Do You Want Marriage Help?
Want to start improving your marriage?
Here are 5 marriage help tools to get you started.
According to Harvard Health Publishing:
there is fascinating — and compelling — research suggesting that married people enjoy better health than single people. For example, as compared with those who are single, those who are married tend to
• live longer
• have fewer strokes and heart attacks
• have a lower chance of becoming depressed
• be less likely to have advanced cancer at the time of diagnosis and more likely to survive cancer for a longer period of time
• survive a major operation more often.
Fine print alert! This applies health and happy marriages, versus unhappy, stress-filled ones.
Are you experiencing some unhappiness or stress in your marriage?
It’s not too late to improve your marriage.
Tool #1: The Stages of Change Couples Questionnaire
Do you really want to change your marriage for the better?
You might be offended by my question.
The truth is, we’re often comfortable with our current state of living, even when we say it’s miserable.
For example, I may say I’m sick of being overweight.
But when I realize I have to change my eating habits and start daily exercise, there’s something in me that says, “That’s too much work!”
In the same way, improving your marriage will be uncomfortable.
The negative patterns in your marriage are not the same as an addiction, but I do want you to reference this article I wrote, so that you can understand why behavioral patterns can be so hard to change.
Change is hard, but it is possible.
Take this questionnaire to better understand what stage of change you are in when it comes to changing key areas in your relationship.
You can take and score the questionnaire below.
This will help you know what stage of change you’re in with significant areas in your relationship.
Tool #2: Your Partner’s Feedback
In a business partnership, it’s important that each partner know his or her strengths and weaknesses.
It’s important for both you and your partner to take a look in the mirror, metaphorically speaking.
What are your strengths, and what are your weaknesses?
Here’s are a couple helpful tools:
A) Your partner!
Ask your partner to write down 3 strengths and 3 weaknesses you bring to the relationship.
This is going to be the most reliable tool, because your partner knows you best!
B) Just for fun, you can take this quiz as well:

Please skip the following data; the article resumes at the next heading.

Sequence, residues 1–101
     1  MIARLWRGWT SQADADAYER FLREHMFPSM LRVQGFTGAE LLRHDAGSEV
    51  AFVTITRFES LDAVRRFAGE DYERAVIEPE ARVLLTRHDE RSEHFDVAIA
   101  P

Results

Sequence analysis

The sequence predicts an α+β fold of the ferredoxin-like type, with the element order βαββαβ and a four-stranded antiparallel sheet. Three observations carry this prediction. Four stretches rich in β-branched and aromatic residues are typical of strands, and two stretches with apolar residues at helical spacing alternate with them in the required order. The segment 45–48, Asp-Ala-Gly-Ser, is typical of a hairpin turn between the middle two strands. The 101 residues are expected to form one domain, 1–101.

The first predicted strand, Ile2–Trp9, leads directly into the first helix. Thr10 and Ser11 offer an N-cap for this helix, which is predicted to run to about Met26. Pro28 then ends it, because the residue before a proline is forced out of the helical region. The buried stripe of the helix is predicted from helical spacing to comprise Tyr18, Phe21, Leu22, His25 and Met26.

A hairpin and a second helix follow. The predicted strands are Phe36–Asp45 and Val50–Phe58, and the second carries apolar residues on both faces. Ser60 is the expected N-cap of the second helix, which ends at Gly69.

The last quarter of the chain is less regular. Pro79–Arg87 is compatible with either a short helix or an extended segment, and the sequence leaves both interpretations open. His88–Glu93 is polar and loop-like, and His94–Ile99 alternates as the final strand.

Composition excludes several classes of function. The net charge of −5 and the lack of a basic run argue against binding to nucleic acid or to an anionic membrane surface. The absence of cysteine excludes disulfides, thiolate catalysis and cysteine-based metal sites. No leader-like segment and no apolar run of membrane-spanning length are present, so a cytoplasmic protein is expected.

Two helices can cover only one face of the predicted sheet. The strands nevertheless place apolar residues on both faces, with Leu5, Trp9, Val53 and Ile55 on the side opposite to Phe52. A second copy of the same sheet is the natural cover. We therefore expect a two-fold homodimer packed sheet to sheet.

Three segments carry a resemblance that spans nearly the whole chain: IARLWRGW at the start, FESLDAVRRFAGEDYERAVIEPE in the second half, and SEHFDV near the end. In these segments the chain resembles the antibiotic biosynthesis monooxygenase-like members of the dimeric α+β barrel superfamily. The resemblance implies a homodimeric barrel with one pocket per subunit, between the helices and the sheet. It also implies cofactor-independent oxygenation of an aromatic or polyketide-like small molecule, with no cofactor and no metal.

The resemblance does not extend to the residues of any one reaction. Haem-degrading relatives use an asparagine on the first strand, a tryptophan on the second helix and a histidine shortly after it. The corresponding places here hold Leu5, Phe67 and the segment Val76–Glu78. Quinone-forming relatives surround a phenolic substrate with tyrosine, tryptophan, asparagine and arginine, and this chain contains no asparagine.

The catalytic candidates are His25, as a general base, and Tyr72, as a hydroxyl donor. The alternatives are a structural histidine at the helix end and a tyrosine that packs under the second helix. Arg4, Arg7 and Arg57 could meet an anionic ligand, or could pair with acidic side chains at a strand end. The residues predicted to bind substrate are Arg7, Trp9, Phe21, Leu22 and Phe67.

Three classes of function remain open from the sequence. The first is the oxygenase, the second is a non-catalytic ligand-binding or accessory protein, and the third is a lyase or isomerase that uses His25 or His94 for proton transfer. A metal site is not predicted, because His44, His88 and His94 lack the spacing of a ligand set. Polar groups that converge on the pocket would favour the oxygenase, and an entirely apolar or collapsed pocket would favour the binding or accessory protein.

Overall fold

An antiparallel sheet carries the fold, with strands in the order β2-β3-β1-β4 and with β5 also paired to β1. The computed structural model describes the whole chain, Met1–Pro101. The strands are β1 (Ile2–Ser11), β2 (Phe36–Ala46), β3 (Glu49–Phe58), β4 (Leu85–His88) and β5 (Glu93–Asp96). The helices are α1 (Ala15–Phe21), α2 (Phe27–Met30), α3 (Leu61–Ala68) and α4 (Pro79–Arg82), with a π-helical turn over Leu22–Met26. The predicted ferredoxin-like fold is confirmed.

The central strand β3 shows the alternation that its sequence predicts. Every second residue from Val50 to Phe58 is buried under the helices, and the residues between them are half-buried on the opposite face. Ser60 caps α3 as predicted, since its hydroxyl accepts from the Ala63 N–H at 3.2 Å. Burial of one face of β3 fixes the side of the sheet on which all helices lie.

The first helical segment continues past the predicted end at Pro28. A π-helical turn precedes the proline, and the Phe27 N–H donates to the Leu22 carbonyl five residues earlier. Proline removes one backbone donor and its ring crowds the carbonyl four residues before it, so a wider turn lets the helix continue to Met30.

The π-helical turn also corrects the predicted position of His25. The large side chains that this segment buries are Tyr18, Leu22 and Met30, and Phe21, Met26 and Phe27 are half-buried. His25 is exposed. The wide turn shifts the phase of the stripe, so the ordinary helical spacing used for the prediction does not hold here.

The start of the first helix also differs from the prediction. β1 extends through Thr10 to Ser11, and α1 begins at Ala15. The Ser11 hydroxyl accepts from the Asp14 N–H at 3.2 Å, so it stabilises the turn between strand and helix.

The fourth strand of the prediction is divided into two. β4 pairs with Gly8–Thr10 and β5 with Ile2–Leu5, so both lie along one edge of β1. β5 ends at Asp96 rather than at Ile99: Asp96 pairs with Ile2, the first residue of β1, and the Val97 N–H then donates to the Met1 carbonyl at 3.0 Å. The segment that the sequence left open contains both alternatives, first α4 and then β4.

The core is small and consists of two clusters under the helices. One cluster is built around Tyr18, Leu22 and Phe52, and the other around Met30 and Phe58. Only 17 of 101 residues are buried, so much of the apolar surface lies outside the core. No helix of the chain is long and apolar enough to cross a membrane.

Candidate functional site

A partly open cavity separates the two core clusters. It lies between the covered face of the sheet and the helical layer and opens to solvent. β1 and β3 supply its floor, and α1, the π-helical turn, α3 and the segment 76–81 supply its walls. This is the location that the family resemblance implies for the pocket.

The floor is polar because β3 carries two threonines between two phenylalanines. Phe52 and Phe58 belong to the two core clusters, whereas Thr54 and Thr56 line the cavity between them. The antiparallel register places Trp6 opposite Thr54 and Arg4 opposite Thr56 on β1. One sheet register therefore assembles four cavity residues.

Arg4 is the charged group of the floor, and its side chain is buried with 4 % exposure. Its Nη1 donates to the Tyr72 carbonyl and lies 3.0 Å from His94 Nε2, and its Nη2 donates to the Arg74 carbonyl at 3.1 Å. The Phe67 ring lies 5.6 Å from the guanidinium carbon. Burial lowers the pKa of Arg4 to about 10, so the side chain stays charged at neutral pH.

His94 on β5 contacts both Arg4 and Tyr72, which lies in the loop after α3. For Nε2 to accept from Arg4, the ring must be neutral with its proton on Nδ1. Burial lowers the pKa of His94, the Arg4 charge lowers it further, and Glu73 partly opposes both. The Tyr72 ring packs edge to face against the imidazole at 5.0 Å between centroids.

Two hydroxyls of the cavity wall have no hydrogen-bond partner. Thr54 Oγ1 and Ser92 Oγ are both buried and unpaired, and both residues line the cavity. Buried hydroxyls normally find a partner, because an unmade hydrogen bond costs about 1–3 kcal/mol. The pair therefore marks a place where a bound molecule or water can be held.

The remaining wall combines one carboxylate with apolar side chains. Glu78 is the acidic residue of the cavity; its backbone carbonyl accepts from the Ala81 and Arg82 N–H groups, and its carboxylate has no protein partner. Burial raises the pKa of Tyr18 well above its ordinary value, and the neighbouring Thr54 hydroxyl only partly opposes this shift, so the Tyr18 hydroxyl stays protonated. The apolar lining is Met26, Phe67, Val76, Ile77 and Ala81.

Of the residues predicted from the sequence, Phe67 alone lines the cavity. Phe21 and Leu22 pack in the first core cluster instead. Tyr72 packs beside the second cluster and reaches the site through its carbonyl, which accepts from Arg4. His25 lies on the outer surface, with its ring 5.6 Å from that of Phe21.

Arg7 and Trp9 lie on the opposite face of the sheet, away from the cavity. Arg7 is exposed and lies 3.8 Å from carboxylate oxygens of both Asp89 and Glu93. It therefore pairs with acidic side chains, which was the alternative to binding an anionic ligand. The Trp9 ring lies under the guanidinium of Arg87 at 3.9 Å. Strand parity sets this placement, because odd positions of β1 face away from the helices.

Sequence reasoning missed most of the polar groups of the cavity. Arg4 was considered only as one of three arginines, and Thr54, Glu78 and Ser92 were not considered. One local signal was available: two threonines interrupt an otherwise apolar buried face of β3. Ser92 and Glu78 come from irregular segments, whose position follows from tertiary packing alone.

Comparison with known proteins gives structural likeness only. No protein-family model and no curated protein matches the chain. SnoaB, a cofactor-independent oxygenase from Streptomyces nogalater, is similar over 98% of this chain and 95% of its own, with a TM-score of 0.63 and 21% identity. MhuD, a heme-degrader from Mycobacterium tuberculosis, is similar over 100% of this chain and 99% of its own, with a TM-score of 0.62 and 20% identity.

- Take the quiz yourself.
- Then ask your partner to take it, rating you for each question.
Do this for each partner.
It’ll be interesting to see how you see yourself, and how your partner sees you!
Tool #3: Relationship Quiz
Alright, you’ve gotten a good idea of what areas in the marriage you’re ready to change, and which you’re more resistant to changing.
Now it’s time to take the temperature of the relationship itself.
What is the current state of your marriage?
Take this quiz from PsychCentral to find out.
Each partner should take the quiz separately, so that you can compare scores.
Talk about why one of you may have rated the relationship higher or lower.
Tool #4: Your Relationship Vision
Now that you know where you are, do you know where you want to go?
What do you want your relationship to look like, ideally, going forward?
The relationship vision is an exercise from Dr. Harville Hendrix, in the Getting the Love You Want Workbook.
Watch the video below to figure out how to do this exercise. You can also purchase the workbook for the explanation and worksheets.
Tool #5: Books
If you value your marriage, treat it like you would a PhD dissertation.
Read and study these books to get to know your partner better.
For the Aspergers Partner
This book can help you better understand non-Aspies/non-autistics.
You can check out my podcast episode (sorry, the volume was a bit difficult) with the author here.
For the Non Aspergers Man to better understand an Aspergers Woman
Aspergirls, by Rudy Simone
I wrote a bit about this book here.
22 Things a Woman With Asperger’s Syndrome Wants Her Partner to Know, by Rudy Simone.
For the Non Aspergers Womanto better understand an Aspergers Man
And Finally: A Great Read for Both Partners
Marriage and Lasting Relationships with Asperger’s Syndrome, by Eva Mendes
I hope you find these tools helpful.
Bonus Tip: Use one tool per week, so you don’t become overwhelmed!
Reference for the Couples Stages of Change Questionnaire –
Assessing readiness for couple therapy: the Stages of Relationship Change Questionnaire. Bradford K., J Marital Fam Ther. 2012 Jul;38(3):486-501. doi: 10.1111/j